2) If you live alone, or yous spouse has ill health, fill out a bank signature card adding someone to your bank accounts. ALSO don't assume the card is always current. Accounts change. UPDATE, update, update. 
If something happens and your connection can't get access to your accounts (like you thought), it really sucks. I KNOW I went into the bank and signed a card. My brother actually sent one from South Carolina. We don't know why the bank does not have the signature card but it's not there. Now we don't have legal access to her accounts!
3) Send IN any medical power of attorney forms. They are no good sitting in your pile of paperwork at home. 
I found my brothers power of attorney form, witnessed and notarized for him, but not signed by my mom, sitting in a pile. Actually I found 4 copies of the form that the various hospitals sent. I MAY have one that was submitted when she was at Karamanos for her transplant, however EACH time she goes into the hospital or medical facility I will need a copy of that form.
4) Have a will AND power of attorney AND a living will. Just a will alone is not a whole lot of good when you are in a vegetative state. 
My mom created a will using cheap software. Thankfully she had it witnessed and notarized, so that SHOULD make things a bit easier, but the one paragraph dropped into the will about my "brother and I having and getting access" will not stand up unless it was part of a separate document. Now we will need to hire an attorney to get anything done.
5) Have a master document that contains all your bills, account numbers and account information. Then please put it in a safe place. 
I have the credit card info and her cell phone so it's a bit easier to make calls on those, I also have access to her email on her cell phone, which helps. The biggest challenge though is with the OTHER accounts. So now I have to wait for mail and bills, and I will be constantly checking her mailbox at the apartment. No one needs the stress of paying their own bills AND someone else, but the added stress of having to actively track down information is a lot to handle.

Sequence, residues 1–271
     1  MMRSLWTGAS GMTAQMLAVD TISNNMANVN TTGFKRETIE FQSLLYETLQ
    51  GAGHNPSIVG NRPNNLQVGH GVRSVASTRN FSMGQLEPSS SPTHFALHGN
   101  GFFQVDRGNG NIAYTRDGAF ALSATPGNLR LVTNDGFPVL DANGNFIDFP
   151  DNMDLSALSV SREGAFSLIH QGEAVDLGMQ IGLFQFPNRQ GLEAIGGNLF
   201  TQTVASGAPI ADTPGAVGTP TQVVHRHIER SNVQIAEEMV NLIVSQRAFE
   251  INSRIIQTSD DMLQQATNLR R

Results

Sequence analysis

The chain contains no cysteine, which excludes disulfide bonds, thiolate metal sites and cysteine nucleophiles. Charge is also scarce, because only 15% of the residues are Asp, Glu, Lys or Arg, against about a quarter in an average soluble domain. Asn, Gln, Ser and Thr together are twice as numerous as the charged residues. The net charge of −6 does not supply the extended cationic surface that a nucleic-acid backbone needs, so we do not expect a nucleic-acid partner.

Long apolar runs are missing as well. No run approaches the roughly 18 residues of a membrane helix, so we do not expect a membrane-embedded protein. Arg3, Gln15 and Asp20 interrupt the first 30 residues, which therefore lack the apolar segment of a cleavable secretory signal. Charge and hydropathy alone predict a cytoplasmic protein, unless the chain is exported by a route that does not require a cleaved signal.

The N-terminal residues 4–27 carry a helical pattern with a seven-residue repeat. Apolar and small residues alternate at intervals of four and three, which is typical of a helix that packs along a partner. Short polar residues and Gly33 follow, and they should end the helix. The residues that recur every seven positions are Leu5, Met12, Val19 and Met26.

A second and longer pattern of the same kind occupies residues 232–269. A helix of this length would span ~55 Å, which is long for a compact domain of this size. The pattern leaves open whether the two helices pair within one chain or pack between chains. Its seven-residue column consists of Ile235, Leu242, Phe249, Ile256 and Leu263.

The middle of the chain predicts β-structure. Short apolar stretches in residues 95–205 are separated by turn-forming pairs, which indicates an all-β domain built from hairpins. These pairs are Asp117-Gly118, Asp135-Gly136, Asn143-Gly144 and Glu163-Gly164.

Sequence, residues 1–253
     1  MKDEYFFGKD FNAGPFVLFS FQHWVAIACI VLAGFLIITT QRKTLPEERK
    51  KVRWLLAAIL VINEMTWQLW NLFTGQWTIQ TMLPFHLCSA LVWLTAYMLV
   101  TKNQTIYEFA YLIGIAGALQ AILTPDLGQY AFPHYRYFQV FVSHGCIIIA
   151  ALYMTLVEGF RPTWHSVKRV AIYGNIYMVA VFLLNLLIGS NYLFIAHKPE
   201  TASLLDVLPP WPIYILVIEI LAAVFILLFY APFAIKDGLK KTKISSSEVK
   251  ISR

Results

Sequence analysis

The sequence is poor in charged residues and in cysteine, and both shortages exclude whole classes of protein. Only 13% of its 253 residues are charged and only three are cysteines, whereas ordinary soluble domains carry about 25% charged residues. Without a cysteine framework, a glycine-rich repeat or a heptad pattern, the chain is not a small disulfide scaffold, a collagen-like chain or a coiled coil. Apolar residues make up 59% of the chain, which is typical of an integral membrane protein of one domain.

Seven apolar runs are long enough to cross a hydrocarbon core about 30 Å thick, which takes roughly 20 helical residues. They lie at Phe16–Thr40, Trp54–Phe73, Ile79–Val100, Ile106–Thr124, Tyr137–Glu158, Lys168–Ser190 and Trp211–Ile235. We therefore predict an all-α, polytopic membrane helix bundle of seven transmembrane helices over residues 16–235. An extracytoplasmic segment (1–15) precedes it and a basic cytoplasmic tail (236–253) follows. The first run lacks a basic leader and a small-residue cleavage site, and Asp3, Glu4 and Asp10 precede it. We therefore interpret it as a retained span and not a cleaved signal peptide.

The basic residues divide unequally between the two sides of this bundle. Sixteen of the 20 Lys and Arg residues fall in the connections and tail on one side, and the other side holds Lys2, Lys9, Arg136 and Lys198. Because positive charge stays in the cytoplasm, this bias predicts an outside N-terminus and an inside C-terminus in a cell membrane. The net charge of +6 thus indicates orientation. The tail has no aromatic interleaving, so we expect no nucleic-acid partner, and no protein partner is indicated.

I'm sure there will be more tips that I will remember later, but this is my current list for you... PLEASE don't make it harder for your loved ones than it already is. While my husband and I are not perfect, I do have #1, #4 (which covers #3), and #5 complete. #2 is kind of irrelevant if the other paperwork is filled out and you have a spouse. Please, please, please help those you love and take care of this information for them ahead of time. it will save them a lot of time, energy and heartache in the long run.


  1. I am so sorry that you are going through this. Thank you for sharing these tips, I will be sure to save them for the future.

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  3. Sorry you have to go through this. WE have a similar situation with my mother-in-law right now, so I take the prep advice to heart.

  4. What a terrifying experience -- so sorry to hear you've had a horrible week. Thank you for offering all this advice. I'm going to chat with my mom today to ensure her stuff is in order since I am her power of attorney.

  5. This is great advice. I good reminder to make sure things are in order. I am so sorry to read about your experience.

  6. Hugs, this is so hard. Yes, it's so important to have everything in order. ;(

  7. Yes, yes, yes! My mom unexpectedly passed away last year, and thank goodness she had everything in order. It's prompted me to do the same.

  8. In all of the craziness I never got back to thank each of you for your comments. Mom passed away a month after the stroke and things have been challenging at best.